Last week, the National Retail Federation, along with the Food Marketing Institute (FMI), the National Association of Convenience Stores (NACS), and two retailers, filed a lawsuit charging the Federal Reserve of failing to follow key swipe-fee requirements of The Dodd-Frank Wall Street Reform and Consumer Protection Act of 2010, NRF’s Washington Retail Insight reported. The swipe fee reforms were included as part of the Durbin Amendment provisions of the Act, signed into law last July.
The groups believe the Federal Reserve adopted a “flawed cap” on debit card swipe fees, which took effect on October 1. NRF and the other groups argue the failure has allowed big banks to continue charging unjustifiably high swipe fees and has discouraged price competition among credit card networks, the WRI explained.
The suit, filed in federal court, states that the regulations have also brought about an increase in swipe fees for some “small-ticket” purchases. The Federal Reserve said in December 2010 that it had determined that it costs banks an average of four cents to process a debit transaction, and proposed that the fees be capped at no more than 12 cents per transaction — triple the banks’ actual cost. WRI reported that, after lobbying by banks and the card industry, final regulations adopted in July 2011 set the cap at more than five times the actual cost — 21 cents plus 0.05 percent of the transaction and, in most cases, an additional one cent for fraud prevention.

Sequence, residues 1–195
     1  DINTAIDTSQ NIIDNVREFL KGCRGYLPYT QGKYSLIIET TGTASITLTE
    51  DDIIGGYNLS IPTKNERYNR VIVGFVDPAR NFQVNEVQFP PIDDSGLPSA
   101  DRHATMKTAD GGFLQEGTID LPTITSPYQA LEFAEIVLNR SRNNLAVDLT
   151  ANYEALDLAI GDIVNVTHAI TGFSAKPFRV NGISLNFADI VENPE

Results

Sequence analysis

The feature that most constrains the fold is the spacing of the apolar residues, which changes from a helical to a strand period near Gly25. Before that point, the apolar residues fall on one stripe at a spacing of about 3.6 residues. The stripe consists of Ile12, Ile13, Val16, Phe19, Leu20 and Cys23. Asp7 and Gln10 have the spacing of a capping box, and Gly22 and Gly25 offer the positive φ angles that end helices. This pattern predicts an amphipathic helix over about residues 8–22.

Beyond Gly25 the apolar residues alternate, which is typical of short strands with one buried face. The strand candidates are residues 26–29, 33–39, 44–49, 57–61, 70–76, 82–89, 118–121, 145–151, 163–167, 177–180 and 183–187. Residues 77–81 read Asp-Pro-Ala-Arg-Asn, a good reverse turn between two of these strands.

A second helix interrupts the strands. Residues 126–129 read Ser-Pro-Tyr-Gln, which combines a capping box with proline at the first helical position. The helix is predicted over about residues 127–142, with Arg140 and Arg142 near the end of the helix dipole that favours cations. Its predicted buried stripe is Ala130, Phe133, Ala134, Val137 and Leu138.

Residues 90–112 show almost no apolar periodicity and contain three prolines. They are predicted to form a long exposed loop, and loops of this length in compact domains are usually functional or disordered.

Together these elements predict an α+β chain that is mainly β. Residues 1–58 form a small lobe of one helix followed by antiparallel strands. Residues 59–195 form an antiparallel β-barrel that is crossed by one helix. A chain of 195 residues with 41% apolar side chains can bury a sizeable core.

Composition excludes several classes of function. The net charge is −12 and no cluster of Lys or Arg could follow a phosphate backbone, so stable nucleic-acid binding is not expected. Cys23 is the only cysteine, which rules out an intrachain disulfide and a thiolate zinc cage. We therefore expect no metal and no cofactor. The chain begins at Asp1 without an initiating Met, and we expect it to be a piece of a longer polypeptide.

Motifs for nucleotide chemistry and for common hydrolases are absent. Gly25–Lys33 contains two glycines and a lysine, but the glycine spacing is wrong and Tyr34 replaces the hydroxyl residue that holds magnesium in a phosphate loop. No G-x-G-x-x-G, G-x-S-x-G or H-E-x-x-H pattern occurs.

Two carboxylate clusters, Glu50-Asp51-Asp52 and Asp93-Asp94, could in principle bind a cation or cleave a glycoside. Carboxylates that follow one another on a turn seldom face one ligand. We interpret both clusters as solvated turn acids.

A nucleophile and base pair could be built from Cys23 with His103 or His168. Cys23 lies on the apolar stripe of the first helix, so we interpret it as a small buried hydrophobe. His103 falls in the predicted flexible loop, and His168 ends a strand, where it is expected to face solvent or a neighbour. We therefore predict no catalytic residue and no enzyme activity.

Compounding matters, both Visa and MasterCard announced recently that they would charge the maximum amount even on small-ticket transactions that the card industry previously processed profitably for as little as six to eight cents. “Congress passed this law to cap swipe fees but the banks have turned a ceiling into a floor and raised fees dramatically higher for quick-service restaurants across the nation,” NCCR Executive Director Rob Green told WRI. “This clearly was not the intent of Congress.”